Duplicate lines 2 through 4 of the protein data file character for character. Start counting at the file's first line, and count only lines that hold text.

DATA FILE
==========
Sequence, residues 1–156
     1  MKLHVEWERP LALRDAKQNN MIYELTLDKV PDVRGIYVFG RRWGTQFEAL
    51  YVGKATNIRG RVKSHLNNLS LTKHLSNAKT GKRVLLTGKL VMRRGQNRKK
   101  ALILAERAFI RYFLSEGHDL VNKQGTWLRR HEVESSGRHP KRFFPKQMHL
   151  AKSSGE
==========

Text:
     1  MKLHVEWERP LALRDAKQNN MIYELTLDKV PDVRGIYVFG RRWGTQFEAL
    51  YVGKATNIRG RVKSHLNNLS LTKHLSNAKT GKRVLLTGKL VMRRGQNRKK
   101  ALILAERAFI RYFLSEGHDL VNKQGTWLRR HEVESSGRHP KRFFPKQMHL